“Showing fear to a ghost is like feeding a stray cat — once they get a taste, they’ll never leave you alone.” — Ellie Jordan
Reading J.L. Bryan’s Ellie Jordan: Ghost Trapper (JLBryanbooks, 2014) got me thinking about what monsters really want from us. Zombies, generally speaking, want to eat us, often with a (dangling) eye on our brains. Vampires also see us as a meal, but the better class of them at least make the evening feel like a third date. The Frankenstein monster, according to the novel and according to the creature himself (but do you trust him?), is “acting out” his pain at not being loved enough. Similarly, werewolves and Mr. Hyde give into their rageaholic tendencies. All of these creatures embody our base impulses: hunger, lust, venting pain, rage — and stories about mastering the monster remind us to master those urges.
What about ghosts? Do they fit this mold? They’re hard to pin down, but it seems like a lot of ghosts would rather simply be left alone than feed on or lash out at humans. Don’t get me wrong; there are sinister ghosts in folklore and fiction and film. Unless a writer is very clever, though, nasty ghosts can creep toward feeling like some other kind of supernatural creature.
Ghosts might seem like zombies, for instance. In Ellie Jordan: Ghost Trapper, the title character and her assistant, Stacey Ray Tolbert, need to locate a former inmate’s personal effects from an abandoned insane asylum, which turns out to be haunted:
The host of creeps closed in around us. I’d heard at least three distinct voices, but there could have been more specters than that. It felt like a dark cloud of them, a cluster of ghosts that had more or less lost their individual identities, their yearnings merging into a combined pool of hunger, anger, pain, or whatever emotions motivated them to stick around instead of moving on.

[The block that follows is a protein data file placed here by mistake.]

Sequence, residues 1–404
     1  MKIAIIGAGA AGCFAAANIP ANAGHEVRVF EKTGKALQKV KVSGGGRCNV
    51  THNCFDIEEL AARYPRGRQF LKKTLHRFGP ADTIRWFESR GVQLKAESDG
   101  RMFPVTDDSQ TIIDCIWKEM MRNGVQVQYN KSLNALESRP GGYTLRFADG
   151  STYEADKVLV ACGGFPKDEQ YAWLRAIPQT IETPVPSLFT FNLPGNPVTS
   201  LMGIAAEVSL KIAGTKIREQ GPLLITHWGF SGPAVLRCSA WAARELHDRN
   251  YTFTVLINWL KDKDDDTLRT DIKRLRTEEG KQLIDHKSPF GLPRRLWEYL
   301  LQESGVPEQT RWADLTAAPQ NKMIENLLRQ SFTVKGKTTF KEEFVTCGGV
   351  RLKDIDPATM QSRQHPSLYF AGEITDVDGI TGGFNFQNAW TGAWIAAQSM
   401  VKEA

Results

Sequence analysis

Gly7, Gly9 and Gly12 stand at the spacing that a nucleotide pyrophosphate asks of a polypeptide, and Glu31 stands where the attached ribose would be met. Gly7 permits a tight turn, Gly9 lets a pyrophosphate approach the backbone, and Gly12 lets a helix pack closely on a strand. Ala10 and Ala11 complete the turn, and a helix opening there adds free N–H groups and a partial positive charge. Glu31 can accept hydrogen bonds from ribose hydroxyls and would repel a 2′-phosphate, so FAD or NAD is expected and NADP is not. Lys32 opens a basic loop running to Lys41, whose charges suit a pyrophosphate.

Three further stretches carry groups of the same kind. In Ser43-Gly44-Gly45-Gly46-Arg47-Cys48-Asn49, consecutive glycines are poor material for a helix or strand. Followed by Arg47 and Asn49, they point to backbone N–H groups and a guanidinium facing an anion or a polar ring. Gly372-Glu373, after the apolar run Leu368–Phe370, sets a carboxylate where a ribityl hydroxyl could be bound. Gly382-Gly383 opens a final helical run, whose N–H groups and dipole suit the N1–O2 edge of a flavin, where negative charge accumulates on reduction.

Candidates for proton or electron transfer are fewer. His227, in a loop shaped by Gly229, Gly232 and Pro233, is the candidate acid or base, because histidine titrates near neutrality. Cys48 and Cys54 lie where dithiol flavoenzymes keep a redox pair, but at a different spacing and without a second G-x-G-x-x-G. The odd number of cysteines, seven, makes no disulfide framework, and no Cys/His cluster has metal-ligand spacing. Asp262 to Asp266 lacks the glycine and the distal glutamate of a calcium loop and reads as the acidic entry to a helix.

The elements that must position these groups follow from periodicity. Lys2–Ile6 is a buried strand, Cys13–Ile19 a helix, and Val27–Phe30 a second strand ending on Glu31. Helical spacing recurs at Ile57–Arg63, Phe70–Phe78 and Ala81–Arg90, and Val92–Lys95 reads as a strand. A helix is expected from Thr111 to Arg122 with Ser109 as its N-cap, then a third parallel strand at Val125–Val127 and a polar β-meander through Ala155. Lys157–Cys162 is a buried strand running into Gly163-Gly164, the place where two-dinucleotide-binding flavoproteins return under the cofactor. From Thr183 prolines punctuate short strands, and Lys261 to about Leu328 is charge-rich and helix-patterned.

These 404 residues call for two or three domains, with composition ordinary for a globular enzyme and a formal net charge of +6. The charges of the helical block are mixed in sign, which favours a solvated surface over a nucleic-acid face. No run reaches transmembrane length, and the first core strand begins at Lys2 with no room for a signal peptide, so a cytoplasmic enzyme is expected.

This host of creeps shoves and grabs and claws its two living victims. But the reason they do so is never really explained. To feed? To vent? To be really scary? Granted, this is one of the novel’s more unnerving scenes, but it also shows how the internal logic — or even internal illogic — of the fictional, ghostly world is never (forgive me) fleshed out.
This perfunctory approach to the novel’s own premises makes Bryan’s novel a very light one, and that’s something readers considering it should know. The author gives a similar “just go with me” feel to what might have been one of the story’s more distinctive and promising twists: instead of just exorcising ghosts, Jordan traps them! It’s part of a spectral relocation program. The traps are described as cylindrical, “about two feet tall, resembling a large version of the clear plastic capsule that banks send through at the drive-up window.” They’re three-layers thick: heavily leaded glass (which, Jordan explains, is tough for ghosts to pass through “for some reason”) surrounded by an electrified copper mesh (“an electromagnetic wall to imprison the ghost”), which is surrounded by hard plastic. That’s all the science we readers get, but we’re assured they work.